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Business IT confronts a world that is going rogue

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Stand outside the front door of a large business on any given morning and you will see throngs of employees walking in, each one carrying a personal device loaded with apps. And the chances are very good that at some point during the day, most of those employees will perform their work using that personal device and one or more of their apps. Consumer technology is changing the world of business information technology (IT) right before our eyes and how companies deal with it is one of the biggest tech stories this year.

At least one chapter of the story was on display this week at the Hilton Hotel in downtown San Francisco. That’s where IT executives and consumer technology analysts gathered in several large ballrooms to hear the latest news and debate the future as part of the two-day CITE (Consumerization of IT in the Enterprise) conference. And there was one clear message heard in nearly every session: employees everywhere are going rogue.

“Rogue is simply people trying to get their jobs done,” said Jamie Barnett, vice president of marketing for Netskope. She spoke on a panel of experts who all testified about the exploding growth of employees using non-sanctioned file sharing apps and personal clouds to do the work for which they were being duly paid. “This is a trend that’s unstoppable,” admitted Todd Krautkremer of Pertino.

This trend is creating a land rush of companies who are seeking to migrate their consumer-based products into the enterprise world where there is real money to be made. Ooma, an Internet-based phone service founded in 2004, originally targeted home consumers who were looking for a cheaper alternative to their costly connections. Earlier this year, the company announced Ooma Office, a small business office phone system that is remarkably less expensive yet just as efficient, one of the hallmarks of truly disruptive technology.

New tools that catch the eye of an enterprising engineer are leading to their adoption in the workplace as well. One of the CITE speakers was Bret Taylor, the former CTO of Facebook and now the co-founder of Quip. His current company makes a product that combines document writing with real-time messaging. Some engineers at a San Francisco startup called New Relic started using his technology and, as usage spread through the firm like wildfire, Taylor suddenly got a call from the IT director who wanted to see how it could be used company-wide. Quip had just made the leap from consumer to enterprise.

Big companies are also experiencing the “employee as consumer” revolution, both as customers and providers. Conference attendees heard Kyle Wells of DirecTV describe how the satellite services giant moved its entire field support team to Samsung Galaxy Note smartphones just in the last year. “We had 21,000 phone lines for 8,000 people,” Wells recalled. A big reason for the imbalance was that employees were using their smartphones to serve customers, instead of the older “rugged” devices the company provided.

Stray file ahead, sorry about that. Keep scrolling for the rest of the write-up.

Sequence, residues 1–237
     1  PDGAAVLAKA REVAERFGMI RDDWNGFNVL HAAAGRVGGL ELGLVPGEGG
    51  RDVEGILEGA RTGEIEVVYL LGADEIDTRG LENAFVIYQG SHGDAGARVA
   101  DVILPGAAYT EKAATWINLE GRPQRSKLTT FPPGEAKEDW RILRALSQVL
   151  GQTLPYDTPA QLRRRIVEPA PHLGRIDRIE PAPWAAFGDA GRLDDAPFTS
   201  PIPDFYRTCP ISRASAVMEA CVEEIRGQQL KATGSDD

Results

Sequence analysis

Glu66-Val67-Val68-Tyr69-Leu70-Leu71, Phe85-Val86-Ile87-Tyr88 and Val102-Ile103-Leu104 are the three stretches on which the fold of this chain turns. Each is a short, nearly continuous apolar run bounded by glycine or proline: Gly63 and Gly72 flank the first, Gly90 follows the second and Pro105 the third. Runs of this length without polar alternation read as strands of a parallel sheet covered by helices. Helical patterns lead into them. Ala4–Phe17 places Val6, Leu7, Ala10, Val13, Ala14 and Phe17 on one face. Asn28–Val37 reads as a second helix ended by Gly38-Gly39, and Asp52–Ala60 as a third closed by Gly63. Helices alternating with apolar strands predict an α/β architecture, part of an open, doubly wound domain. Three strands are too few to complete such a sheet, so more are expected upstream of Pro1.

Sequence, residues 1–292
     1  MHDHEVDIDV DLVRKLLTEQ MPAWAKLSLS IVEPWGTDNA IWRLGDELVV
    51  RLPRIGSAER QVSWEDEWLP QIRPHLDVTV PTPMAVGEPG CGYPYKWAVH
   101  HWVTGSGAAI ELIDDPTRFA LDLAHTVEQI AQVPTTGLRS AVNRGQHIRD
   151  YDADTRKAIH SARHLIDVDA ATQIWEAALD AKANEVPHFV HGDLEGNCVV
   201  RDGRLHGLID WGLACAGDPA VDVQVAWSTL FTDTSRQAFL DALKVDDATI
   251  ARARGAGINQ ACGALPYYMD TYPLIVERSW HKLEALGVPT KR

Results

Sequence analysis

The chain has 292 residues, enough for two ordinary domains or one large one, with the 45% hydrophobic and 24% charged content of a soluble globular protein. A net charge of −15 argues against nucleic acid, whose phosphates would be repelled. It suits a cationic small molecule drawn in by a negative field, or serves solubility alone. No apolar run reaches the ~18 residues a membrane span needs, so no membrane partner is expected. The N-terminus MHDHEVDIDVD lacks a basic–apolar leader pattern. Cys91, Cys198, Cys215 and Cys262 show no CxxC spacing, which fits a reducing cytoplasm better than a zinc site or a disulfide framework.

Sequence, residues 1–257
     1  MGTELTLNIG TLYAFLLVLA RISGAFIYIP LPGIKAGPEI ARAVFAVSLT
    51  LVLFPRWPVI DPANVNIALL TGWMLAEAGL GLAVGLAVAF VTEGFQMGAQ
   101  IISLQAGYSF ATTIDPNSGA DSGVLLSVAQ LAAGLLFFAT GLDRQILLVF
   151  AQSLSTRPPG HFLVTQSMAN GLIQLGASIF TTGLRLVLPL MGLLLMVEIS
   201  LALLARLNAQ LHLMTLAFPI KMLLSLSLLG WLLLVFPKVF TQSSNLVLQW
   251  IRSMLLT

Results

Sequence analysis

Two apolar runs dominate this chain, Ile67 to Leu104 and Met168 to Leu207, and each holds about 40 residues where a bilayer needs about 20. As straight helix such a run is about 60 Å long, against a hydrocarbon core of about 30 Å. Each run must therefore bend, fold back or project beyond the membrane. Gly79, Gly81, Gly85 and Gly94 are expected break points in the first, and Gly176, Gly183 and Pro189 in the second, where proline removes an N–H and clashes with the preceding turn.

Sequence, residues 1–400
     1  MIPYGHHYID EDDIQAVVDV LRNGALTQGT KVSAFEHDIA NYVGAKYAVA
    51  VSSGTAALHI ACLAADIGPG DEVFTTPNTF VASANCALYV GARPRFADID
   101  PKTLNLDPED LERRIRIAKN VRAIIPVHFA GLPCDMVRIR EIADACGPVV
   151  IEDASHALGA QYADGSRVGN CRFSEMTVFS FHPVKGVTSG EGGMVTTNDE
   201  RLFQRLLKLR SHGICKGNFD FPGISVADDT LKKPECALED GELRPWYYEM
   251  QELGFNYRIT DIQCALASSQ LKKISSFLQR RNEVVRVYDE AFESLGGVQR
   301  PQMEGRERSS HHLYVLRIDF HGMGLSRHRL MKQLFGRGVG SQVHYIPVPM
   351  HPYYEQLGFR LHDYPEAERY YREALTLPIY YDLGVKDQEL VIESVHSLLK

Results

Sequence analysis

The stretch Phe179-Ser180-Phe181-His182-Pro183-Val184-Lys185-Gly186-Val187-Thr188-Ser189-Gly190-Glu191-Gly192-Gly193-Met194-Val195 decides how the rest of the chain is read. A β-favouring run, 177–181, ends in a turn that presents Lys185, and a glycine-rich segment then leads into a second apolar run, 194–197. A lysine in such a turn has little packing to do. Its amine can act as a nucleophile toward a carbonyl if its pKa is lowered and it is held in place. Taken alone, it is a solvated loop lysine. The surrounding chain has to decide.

Samsung was a visible presence at CITE this week. They clearly are seeking to capitalize on the shift from consumer-only technology to enterprise mobile. Three years ago, Samsung had no enterprise sales force at all. Now, they have a large, dedicated organization whose mission is to land big accounts like DirecTV. “Consumers are going to force IT organizations to adopt what they want to use,” said David Lowe, vice president of Enterprise Sales for Samsung.

Despite the pressure to convert, IT managers for big companies and small are still gazing warily at that one ominous thunderhead on the horizon: security. The explosion of multiple devices working on cloud based applications all day inside a company can create huge vulnerability.

Samsung obviously knows this and they have taken great pains to emphasize that their devices, based on the notoriously hackable Android platform, are truly secure. They promote their protection as Samsung SAFE (Samsung for Enterprise) and counter skeptics by describing their version of Android as far more robust than the one the average consumer gets when they take their mobile phone out of the box. “Not all Android is equal,” said Lowe.

What makes this transformation from consumer to enterprise-wide technology use so fascinating is that we can all see it happening out in the open, every day, in real time. “If you want to see the best IT in the world, go to a food truck,” said Peter Christy, director of 451 Research.

His point is well-taken. The humble food truck these days is indeed taking full advantage of mobile technology to order supplies, manage inventory, market the business, communicate with customers, and process sales through cloud-based applications fully available today. It is its own self-contained IT shop, just going rogue.

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